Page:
Skeptics Corner – Cell Phones And Cancer

Skeptics Corner – Cell Phones And Cancer

Daniel Liang looks at a familiar world in an unfamiliar way – through a skeptical lens. Every month he peeks under the hood of a meme, myth, bias, or news article. Disclaimer: the opinions expressed do not represent the magazine, advertisers, employer, or Apple or Samsung.

 

We live in an age where people choose to WeChat rather than talk, often even in each other’s presence. The cell phone, once an unwieldly instrument that required significant upper body strength to use, is now a sleek extension of our bodies, and a gateway to our fantasized digital personas.

With our extended usage of cell phones, it is natural and prudent to be wary of any potential adverse health effects. Naturally it is no surprise that a recent study conducted by the National Toxicology Program about the potential cancer risks of cell phones has been getting a lot of attention. This story has been widely reported in the media, and was a featured story on China’s official CCTV channel. With terrifying headlines in mainstream media like “Game-Changing Study Links Cellphone Radiation to Cancer” and “Cellphone-Cancer Link Found in Government Study”, it sure seems like it is time to panic. However, before we reluctantly settle for cancer rather than give up our phones, let’s take a closer look.

 

The Actual Study

After reading the original study, a few things really stood out. First of all, this was a controlled experiment on rats, not humans. The rats were subjected to rather extreme radiation – 9 hours a day of whole-body exposure, starting not at birth but in utero, with up to 3.75 times the maximum Specific Absorption Rate (SAR) allowed by the FCC. This is presumably based on the realistic simulation of someone talking for 9 hours a day in a full body iPhone suit and helmet, starting in the womb.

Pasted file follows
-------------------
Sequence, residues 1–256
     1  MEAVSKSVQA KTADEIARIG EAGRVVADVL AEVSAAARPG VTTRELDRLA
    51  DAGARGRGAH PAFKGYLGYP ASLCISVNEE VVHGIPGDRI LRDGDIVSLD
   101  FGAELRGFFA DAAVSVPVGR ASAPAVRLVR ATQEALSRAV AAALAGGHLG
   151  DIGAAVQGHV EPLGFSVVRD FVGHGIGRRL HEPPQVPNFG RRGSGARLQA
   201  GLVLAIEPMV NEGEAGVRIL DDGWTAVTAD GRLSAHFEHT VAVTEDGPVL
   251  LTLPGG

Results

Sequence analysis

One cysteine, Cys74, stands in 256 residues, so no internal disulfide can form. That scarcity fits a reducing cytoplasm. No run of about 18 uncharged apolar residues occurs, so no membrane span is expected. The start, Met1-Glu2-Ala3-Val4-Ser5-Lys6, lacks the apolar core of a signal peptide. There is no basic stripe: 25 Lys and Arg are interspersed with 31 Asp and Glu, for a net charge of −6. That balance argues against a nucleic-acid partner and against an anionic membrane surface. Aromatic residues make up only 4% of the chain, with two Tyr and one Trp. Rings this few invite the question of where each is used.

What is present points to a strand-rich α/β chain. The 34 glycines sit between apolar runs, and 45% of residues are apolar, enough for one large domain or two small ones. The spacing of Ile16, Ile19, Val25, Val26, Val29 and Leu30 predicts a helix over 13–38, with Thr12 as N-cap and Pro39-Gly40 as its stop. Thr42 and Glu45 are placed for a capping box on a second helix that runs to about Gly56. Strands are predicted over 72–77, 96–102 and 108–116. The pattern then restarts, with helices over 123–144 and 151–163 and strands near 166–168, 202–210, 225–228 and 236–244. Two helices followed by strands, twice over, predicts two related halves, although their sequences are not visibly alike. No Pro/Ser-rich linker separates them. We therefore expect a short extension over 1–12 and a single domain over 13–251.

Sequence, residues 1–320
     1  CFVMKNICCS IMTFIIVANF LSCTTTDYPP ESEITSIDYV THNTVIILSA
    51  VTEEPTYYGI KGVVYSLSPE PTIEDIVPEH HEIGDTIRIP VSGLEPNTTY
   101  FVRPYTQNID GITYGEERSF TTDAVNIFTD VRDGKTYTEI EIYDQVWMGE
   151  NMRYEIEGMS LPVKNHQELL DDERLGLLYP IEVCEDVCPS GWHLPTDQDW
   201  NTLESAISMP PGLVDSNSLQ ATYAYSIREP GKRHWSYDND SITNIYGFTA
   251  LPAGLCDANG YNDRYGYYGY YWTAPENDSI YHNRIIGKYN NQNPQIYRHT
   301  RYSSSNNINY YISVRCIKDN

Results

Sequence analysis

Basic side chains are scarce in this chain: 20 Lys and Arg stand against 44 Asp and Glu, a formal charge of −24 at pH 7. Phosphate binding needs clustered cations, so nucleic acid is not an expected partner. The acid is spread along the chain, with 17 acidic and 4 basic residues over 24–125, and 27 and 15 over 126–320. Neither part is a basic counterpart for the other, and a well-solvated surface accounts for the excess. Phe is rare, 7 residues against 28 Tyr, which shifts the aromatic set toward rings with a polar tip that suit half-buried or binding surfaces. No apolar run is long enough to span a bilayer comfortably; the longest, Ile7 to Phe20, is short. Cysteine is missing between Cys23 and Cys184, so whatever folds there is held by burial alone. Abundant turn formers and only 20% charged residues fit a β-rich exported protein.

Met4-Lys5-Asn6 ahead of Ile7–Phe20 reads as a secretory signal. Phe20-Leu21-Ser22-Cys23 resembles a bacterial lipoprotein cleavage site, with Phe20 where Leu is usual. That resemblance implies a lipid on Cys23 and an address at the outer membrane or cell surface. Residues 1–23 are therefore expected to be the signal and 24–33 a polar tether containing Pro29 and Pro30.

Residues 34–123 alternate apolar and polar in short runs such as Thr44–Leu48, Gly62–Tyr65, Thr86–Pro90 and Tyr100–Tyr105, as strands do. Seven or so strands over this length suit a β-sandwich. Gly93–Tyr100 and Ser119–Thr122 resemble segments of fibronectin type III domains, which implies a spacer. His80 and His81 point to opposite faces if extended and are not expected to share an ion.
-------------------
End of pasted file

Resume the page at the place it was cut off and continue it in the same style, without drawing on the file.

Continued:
After exposure to radiation for their entire lives, some male rats did in fact get two certain types of cancer. This sounds alarming, but careful reading reveals an important fact: these rats are far more cancer prone than humans. For example, in these rats the background lifetime incidence rate for malignant glioma is 1.67%, which is incredibly high compared to humans. According to data from the National Cancer Institute, the incidence rate (age-adjusted 6.4/100,000) and prevalence (~0.03%) are both very low, and these numbers are for all brain and nervous system cancers, not just malignant glioma.

 

Quirky Results On A Shaky Foundation

Out of sheer luck, none of the 90 rats in the control group got the cancer being studied. With a historical background rate of 1.67% for glioma (range 0-8%), it is lower than expected, and an unrealistic base to be compared against. In fact, when a reviewer hypothetically added one cancer in the control group (a reasonable expected value), a lot of the positive results disappeared. I’m not a statistician, but any result that relies solely on luck is on a shaky foundation.